When we were shooting sled dogs with Olivia, working with the Action Cam it really gave us the chance to enter in her world, without any distraction. This is no easy task when you’re shooting animals! 

We first choose to fix a Sony Action Cam on her head to have a real point of view from Olivia, but also to see the connection between her and these beautiful dogs. We also mount the cameras on the sled by using the roll bar mount. So by doing so, we were able to also keep a focus on Olivia and see her reaction while encouraging her dogs. We used again a drone to show the natural beauty of this amazing place in the Swiss Alps.


Aurélie is an incredible person, always trying to push her limits. She didn’t hesitate a minute before facing the icy waters of the lake in the middle of winter to enjoy her sport. And Action Cams have no problem in this weather.

We decided to mount a Sony Action Cam on Aurélie’s board. So we used the underwater housing to be sure the camera won’t get wet, but we also added an anti-fog sheet inside the housing to prevent any fog during the shooting. We also mount an action cam on her head once again. I really love this point of view because you can really feel part of the adventure. The camera was also used inside the underwater housing in case Aurélie was falling in the water.


The good things with the Sony Action Cam is that you can take them everywhere, they’re so small. To tell the story of Carolina we chose to mount one camera on her bag by using the backpack mount. Thanks to the optical steadyshot it gave a real smooth footage, even when walking quite fast. And by using the shooting grip and the live remote I was able to see exactly what I was shooting, which is a big advantage when shooting someone or a place.

I greatly enjoyed working with these inspiring people and these little cams – and together we were able to share their stories in a creative and personal way.

And finally a huge thank you to the tireless work and creative energy that always comes from the team at Sony.


With the help of photographers from different parts of the world, we were able to capture both well-known and unknown/unexplored places of the world we live in. Throughout this 4-part episode, photographers will show the world we live in through their own lenses, and the way they see it. Episode 1 features Chris Schmid, a Switzerland based photographer, showing us stories of three amazing female athletes who embrace all the beauty nature offers us in Switzerland. 



The African Survivors trailer nominated for numerous accolades

Really proud to share that our recent trailer ‘The African Survivors’ has recently been nominated for a number of accolades and awards:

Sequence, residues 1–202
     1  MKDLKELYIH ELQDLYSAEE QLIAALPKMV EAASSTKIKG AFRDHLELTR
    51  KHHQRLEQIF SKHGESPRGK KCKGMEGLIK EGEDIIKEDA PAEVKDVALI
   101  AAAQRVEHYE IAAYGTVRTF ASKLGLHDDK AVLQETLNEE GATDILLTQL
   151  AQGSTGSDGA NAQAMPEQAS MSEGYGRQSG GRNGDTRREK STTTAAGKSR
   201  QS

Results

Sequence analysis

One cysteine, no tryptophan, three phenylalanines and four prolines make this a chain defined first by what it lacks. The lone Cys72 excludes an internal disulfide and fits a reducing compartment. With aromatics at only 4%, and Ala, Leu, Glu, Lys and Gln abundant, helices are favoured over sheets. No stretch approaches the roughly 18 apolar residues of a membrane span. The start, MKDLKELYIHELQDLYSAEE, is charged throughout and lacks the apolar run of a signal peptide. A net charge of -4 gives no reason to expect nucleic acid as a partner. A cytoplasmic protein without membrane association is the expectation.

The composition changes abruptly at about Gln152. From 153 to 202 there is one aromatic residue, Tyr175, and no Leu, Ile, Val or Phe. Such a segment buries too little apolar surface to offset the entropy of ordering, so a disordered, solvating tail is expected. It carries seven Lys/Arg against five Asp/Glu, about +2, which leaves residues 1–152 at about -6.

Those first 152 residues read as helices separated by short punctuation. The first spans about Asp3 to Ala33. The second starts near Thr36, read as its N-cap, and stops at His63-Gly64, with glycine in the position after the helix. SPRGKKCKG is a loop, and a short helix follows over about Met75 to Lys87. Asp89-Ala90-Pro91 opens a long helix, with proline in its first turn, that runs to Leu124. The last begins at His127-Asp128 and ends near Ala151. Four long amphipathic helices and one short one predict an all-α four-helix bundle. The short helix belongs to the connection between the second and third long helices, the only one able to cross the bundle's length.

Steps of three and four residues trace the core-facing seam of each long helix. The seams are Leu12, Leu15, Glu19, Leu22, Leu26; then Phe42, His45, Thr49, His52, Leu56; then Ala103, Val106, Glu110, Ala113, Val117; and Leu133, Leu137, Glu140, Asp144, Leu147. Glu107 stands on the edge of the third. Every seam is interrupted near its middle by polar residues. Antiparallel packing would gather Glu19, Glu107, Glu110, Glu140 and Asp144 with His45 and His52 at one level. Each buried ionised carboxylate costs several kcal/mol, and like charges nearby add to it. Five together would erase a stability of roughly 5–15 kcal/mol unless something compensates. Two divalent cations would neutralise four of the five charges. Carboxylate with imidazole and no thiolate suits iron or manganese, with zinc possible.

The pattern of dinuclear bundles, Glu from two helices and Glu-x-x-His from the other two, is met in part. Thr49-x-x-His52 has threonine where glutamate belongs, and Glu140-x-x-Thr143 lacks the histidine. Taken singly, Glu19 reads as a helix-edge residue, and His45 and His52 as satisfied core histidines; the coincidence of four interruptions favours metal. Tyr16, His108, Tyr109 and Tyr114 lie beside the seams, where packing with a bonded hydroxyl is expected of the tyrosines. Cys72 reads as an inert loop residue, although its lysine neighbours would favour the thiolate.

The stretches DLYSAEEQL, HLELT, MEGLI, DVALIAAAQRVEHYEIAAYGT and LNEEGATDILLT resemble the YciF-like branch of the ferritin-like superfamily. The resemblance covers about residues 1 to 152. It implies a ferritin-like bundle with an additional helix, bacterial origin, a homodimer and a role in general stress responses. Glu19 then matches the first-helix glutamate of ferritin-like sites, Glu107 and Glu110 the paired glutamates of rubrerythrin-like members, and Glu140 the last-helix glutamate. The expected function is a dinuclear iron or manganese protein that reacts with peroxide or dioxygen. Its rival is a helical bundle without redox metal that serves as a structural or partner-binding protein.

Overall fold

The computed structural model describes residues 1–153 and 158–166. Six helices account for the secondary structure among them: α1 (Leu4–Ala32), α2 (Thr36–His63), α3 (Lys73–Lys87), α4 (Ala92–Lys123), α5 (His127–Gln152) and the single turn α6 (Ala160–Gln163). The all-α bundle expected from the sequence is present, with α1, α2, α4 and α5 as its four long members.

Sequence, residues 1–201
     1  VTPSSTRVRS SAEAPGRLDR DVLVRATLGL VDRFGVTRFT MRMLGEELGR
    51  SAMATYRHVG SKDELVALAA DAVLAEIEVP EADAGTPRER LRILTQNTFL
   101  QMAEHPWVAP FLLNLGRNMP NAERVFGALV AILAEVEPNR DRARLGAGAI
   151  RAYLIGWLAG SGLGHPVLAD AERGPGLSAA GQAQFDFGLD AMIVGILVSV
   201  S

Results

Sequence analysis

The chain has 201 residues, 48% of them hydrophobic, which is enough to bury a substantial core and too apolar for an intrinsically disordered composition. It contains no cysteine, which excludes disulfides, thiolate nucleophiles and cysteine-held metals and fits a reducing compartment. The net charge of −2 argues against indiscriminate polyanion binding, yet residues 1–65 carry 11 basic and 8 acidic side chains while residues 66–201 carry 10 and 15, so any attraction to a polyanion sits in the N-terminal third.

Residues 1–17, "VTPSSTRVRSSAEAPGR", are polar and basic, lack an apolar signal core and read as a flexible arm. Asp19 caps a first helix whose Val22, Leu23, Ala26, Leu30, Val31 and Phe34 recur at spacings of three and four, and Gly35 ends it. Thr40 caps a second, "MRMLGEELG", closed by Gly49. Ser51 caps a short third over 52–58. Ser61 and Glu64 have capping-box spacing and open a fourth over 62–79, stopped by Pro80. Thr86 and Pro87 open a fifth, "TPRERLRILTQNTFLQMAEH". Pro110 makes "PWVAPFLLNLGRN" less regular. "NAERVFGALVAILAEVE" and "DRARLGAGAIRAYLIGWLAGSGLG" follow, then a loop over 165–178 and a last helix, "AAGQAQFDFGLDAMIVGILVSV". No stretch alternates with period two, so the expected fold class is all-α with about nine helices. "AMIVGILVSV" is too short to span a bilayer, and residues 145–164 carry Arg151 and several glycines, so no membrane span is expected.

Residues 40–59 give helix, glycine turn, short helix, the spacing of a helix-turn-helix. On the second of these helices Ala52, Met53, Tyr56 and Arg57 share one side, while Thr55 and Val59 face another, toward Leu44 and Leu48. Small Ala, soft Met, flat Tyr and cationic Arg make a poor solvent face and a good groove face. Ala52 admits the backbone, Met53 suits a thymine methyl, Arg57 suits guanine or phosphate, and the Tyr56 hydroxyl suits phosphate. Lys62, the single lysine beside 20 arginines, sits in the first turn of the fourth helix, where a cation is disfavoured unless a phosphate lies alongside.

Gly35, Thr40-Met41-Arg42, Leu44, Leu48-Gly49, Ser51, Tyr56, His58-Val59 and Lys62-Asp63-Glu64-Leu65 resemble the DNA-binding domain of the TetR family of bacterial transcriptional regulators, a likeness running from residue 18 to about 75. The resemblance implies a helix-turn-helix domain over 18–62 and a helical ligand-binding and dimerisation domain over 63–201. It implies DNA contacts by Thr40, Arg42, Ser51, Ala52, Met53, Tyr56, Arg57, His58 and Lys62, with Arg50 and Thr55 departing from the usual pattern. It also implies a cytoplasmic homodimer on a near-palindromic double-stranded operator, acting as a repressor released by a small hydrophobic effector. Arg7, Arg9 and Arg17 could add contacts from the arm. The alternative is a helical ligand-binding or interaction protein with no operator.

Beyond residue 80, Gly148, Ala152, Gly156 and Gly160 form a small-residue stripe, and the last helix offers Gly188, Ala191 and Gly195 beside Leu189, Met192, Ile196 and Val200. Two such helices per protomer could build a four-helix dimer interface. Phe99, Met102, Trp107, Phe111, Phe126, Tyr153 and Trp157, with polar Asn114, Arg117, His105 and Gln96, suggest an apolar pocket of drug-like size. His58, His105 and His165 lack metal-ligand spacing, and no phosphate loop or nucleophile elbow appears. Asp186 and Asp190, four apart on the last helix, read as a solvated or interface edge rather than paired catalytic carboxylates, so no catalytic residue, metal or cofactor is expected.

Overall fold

• ARFF International // Berlin – Amsterdam – Paris – Barcelona. An Independent event with major 4 live screenings for all Feature, Short, Documentary, Experimental, Music Videos, Animations and Student Films.
  • Hollywood Screenings Film Festival // ONLINE and LIVE annual event held in Los Angeles CA.

More information about "The African Survivors" can be found on Eyemage Films website:

Horses and Solitude: Inside the Life of a Brazilian Gaúcho' featured by NatGeo

My short film 'Horses and Solitude: Inside the Life of a Brazilian Gaúcho' is featured by National Geographic short film.

The gauchos of South American’s pampas are the stuff of legend. Now considered national symbols in Argentina and Uruguay, these solitary horsemen and women have herded cattle through the lowland plains for centuries. In Brazil’s southern state of Rio Grande do Sul, gaúchos (the Portuguese equivalent) have become so integral to the culture that the term is used to describe anyone living in the region. Get a glimpse of what life is like for a modern day gaúcho in this breathtakingly beautiful short.

Credit: Caroline and Chris Schmid Production Company: Eyemage Films

The Short Film Showcase spotlights exceptional short videos created by filmmakers from around the web and selected by National Geographic editors. We look for work that affirms National Geographic's belief in the power of science, exploration, and storytelling to change the world. The filmmakers created the content presented, and the opinions expressed are their own, not those of National Geographic Partners.

New Short Film Released From Chris Schmid

To be a gaucho means to be honest and kind to all living creatures.

"O Homem do Campo" is a story about being connected to nature and oneself, set in the stunning landscape of South of Brazil, made even more intensely beautiful through the meditation that solitude brings. Captured with a combination of Sony Alpha cameras (a7rII & RX10III), DJI Ronin and DJI Phamtom 4 Pro by award-winning photographers and conservationists Chris and Carolina Schmid.

A Eyemage Films production |
Story by Chris and Carolina Schmid
Edited by Eyemage Films
Executive Producers – Chris and Carolina Schmid
Written and directed by Chris Schmid